Sometimes for gifts for friends I’ll just reuse a pretty paper gift bag I’d received in the past. Those decorative gift bags are also more apt to be reused again by the gift recipient. So at least it’s a lower-waste than wrapping with disposable wrapping paper.

But for some gifts the wrapping cloth can actually be part of the gift itself.

Double-Duty Gift Wrapping

Bath-type gifts can be wrapped in new washcloths, hand towels or bath towels – whichever size is most appropriate. For instance, body spray can be wrapped in a new washcloth. Larger gifts can be wrapped in a hand towel or even bath towel.

Or a gift for the kitchen can be wrapped in pretty kitchen towels. For instance, one year I was giving a french press coffee maker and a couple of sample packs of different flavored coffees.

They were wrapped furoshiki-style – the French press in a new blue/white kitchen towel and the coffee flavor samplers in a pair of matching dish cloths.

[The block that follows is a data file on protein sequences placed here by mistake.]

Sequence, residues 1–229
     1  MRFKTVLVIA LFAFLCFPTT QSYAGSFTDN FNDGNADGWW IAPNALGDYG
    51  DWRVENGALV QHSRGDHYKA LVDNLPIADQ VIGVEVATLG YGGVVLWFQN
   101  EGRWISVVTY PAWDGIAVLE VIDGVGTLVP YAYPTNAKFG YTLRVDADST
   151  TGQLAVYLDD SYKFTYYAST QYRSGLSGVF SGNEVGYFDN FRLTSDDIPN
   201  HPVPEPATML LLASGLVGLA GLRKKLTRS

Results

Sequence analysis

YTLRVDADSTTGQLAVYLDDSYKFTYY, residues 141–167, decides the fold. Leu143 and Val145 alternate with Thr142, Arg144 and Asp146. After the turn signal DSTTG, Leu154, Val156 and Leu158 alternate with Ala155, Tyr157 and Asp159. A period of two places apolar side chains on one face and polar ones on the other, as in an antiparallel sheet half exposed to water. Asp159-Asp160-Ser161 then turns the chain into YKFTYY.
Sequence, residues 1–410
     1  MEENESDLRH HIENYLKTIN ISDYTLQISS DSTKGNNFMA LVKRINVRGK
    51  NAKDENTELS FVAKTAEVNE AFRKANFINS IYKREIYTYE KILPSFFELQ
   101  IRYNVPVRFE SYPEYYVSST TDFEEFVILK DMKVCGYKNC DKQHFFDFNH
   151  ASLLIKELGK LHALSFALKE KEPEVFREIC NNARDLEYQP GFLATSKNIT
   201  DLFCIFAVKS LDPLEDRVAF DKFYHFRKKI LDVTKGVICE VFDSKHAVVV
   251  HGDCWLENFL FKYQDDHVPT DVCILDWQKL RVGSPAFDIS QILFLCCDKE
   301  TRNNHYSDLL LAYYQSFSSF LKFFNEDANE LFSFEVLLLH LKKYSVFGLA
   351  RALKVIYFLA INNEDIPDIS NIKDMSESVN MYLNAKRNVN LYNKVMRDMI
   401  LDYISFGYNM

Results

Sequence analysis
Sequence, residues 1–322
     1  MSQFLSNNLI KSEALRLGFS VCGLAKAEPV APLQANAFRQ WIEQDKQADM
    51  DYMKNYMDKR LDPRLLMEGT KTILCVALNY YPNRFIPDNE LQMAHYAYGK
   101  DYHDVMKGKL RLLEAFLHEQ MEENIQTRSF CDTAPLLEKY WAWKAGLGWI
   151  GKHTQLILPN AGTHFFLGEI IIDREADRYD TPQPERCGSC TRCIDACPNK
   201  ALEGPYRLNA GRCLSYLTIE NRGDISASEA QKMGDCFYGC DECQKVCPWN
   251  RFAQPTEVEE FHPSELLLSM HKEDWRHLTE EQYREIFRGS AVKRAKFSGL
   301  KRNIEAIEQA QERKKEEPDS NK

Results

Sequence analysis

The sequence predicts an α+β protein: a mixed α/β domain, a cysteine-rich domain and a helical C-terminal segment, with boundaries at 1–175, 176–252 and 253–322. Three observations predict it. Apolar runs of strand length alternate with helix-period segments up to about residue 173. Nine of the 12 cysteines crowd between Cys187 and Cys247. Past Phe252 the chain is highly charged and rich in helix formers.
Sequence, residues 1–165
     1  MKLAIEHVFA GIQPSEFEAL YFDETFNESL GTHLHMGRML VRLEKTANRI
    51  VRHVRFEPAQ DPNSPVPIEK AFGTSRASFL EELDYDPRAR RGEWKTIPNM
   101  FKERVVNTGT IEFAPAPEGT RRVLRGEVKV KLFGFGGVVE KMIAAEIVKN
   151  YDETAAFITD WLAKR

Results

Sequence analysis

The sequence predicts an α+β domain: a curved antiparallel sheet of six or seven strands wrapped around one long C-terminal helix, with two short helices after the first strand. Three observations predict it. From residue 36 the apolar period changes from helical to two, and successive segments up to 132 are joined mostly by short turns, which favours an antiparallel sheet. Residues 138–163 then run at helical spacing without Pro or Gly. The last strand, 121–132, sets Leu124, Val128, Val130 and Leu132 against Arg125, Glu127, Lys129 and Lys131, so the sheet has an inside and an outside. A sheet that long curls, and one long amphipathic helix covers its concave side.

Furoshiki cloth gift wrapping french press and flavored coffee in kitchen towels and dishcloths #TexasHomesteader

Grill accessories can be wrapped in a grilling apron. New driving gloves wrapped in a matching scarf. You get the idea. The wrapping can actually be part of the gift!

I love that our outbound Christmas morning trash has been significantly reduced to nearly zero. So has the cost of gift wrapping supplies for me.

Eco friendly zero waste gift wrapping with furoshiki. #TexasHomesteader

Plus, folding the wrappings after Christmas morning & tossing them in the basket for next year takes less time than gathering up the masses of trash & hauling it to the curb to be whisked off to hang out in the landfill for eons. Win/win for me.

Give it a try this year!

~TxH~

Eco-Friendly Gift Ideas:

Low-Waste Gift Ideas #TexasHomesteader

See All Our Eco-Friendly Posts

Low-Waste Gift Wrapping & Presentation

All Posts Tagged ‘Christmas’